Families of Daraya, west of Damascus, mourned their city as evacuations for Idlib began on Friday afternoon. However, the “Icons of the Revolution” were surprised that this displacement did not occur sooner, as the siege has been on going for four years.
During resettlement, some Daraya civilians were sent to live in various refugee camps of Idlib, while others were sent to camps in al-Harjalah. Enab Biladi interviewed some of these refugees from Daraya after their first day in the Idlib camp.
● Just hours after his arrival at the refugee camp, Mohammed Abu Firas began looking for work. But he returned disappointed after the owner of the area’s block factory responded to his inquiry by saying jokingly, “You come from Daraya. Everything will be at your service. You are our teachers.”
● Samer Janah, 8 years old, is sad to leave his city behind. He has not been able to adjust to the children, nor has he been able to play with them. Every half an hour, he asks his father to return to Daraya.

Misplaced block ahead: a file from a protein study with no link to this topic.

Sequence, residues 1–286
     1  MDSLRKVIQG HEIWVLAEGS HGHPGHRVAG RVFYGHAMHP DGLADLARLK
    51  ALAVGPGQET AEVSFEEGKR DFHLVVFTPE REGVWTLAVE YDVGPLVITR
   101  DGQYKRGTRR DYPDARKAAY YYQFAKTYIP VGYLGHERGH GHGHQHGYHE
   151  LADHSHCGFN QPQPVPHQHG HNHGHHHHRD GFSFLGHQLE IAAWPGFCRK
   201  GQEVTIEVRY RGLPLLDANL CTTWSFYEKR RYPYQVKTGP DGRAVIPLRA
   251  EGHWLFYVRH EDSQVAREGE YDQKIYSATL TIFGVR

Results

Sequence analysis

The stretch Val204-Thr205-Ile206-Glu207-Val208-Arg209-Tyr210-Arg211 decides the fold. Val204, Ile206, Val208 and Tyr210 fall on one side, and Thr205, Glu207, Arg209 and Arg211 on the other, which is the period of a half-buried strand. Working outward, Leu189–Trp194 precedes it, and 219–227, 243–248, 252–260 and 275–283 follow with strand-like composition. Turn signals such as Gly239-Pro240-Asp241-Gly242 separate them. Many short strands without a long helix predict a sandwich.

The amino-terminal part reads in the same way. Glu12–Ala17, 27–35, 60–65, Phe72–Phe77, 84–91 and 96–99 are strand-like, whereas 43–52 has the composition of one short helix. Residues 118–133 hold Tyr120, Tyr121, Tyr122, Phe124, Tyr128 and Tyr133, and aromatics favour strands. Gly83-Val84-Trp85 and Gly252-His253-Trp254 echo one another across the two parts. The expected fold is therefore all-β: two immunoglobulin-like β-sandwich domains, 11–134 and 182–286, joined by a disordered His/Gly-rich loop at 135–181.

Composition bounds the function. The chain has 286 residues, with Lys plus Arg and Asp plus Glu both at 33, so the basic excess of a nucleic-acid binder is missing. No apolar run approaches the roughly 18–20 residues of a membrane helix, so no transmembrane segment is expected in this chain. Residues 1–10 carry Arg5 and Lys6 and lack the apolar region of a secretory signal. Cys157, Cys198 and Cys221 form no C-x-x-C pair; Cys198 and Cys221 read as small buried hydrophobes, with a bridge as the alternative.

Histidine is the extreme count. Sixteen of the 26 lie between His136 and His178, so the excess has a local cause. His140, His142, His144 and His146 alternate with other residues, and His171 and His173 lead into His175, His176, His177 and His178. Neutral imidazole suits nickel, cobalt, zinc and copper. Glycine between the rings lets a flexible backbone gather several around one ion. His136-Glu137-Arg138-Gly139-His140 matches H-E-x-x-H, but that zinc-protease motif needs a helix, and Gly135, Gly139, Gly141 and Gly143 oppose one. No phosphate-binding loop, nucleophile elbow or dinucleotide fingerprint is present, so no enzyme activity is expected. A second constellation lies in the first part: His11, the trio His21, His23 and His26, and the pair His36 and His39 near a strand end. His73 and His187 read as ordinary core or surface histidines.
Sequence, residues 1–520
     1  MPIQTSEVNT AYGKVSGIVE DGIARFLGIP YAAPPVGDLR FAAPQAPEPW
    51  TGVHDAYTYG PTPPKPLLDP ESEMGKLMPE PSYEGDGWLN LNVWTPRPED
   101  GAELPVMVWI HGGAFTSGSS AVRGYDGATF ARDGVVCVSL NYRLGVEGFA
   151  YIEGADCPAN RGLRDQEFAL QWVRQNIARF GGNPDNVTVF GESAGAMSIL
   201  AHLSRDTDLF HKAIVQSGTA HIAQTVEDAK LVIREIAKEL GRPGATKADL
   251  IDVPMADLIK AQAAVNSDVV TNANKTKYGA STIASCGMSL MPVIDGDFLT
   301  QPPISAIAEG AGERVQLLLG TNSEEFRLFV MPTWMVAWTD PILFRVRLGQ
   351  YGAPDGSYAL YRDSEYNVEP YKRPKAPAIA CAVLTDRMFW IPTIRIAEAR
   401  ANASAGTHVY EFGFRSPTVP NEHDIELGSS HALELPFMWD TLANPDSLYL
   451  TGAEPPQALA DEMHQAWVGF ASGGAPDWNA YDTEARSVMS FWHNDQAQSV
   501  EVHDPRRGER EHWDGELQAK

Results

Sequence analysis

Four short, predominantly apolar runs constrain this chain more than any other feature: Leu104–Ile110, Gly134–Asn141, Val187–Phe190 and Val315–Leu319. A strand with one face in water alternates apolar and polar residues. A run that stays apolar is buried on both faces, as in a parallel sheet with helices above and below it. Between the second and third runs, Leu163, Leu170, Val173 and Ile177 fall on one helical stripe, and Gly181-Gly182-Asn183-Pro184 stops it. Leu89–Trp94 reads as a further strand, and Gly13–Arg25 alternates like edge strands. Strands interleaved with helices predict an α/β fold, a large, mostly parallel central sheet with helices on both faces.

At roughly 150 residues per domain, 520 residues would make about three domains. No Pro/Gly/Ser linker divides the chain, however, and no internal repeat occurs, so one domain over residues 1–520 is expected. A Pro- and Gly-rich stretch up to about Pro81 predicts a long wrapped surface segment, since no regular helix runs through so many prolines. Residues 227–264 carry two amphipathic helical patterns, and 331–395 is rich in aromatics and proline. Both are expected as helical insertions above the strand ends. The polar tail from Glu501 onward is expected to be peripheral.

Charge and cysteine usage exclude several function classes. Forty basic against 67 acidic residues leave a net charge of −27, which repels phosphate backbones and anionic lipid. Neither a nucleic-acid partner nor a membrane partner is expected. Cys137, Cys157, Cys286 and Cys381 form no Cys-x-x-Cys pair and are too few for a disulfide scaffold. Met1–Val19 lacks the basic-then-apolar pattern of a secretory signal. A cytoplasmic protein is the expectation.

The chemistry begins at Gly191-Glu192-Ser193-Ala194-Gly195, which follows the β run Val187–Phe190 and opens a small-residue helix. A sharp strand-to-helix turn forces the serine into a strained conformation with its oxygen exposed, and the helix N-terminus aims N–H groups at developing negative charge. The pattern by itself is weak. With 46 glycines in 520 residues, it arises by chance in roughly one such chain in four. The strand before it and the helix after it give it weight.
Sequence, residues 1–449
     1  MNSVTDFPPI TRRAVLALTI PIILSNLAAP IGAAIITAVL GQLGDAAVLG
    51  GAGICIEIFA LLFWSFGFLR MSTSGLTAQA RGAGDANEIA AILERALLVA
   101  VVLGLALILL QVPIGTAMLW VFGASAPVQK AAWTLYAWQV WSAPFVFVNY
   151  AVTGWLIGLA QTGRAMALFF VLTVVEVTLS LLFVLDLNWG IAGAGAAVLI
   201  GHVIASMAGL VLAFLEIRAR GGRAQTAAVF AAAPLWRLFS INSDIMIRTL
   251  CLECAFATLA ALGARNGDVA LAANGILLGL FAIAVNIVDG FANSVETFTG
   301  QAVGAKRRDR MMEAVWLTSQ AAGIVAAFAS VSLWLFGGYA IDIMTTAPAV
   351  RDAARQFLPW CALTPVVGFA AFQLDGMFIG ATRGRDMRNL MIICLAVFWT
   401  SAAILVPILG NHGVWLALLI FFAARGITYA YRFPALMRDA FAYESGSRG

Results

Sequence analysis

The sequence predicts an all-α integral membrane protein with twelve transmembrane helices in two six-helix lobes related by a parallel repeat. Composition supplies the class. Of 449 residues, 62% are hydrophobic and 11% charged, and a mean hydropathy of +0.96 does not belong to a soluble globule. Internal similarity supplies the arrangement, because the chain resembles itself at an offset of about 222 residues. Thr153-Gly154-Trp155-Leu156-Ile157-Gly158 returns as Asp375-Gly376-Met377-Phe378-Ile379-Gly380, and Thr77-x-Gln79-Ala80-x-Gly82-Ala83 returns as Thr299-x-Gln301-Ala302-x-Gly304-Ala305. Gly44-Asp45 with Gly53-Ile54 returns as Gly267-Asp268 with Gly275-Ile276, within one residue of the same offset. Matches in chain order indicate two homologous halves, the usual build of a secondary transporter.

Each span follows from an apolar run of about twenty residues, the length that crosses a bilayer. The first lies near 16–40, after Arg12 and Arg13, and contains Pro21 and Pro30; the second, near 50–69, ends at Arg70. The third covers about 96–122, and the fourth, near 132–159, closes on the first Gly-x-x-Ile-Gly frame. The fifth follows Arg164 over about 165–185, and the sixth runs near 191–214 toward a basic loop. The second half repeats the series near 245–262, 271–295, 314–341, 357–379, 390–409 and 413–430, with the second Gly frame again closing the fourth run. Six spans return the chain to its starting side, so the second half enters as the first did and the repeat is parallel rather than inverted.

● Judy, a six-year-old girl, says that she will return to Daraya, but not until the shelling ceases and the cookies are plentiful.
● Most of the Daraya children in the Atama refugee camp leave at sunrise to play, and do not return unless forced to after dinner.
● One family from Daraya says, “We were not expecting everyone here to be so welcoming. The leaders and members of the free army squadrons come and ask us how we were living… What is the secret to this determination and how did your squadrons manage to resist the army?”
The agreement, reached by a committee representing Daraya’s military and civil activities and a delegation from the Syrian regime, led to the departure of the civilians and military personnel from Daraya to the Damascus countryside and Idlib. This agreement ended harsh times for the besieged people of Daraya. However, despite the difficultly and danger of the city, dozens of those settled in the refugee camps miss Daraya greatly.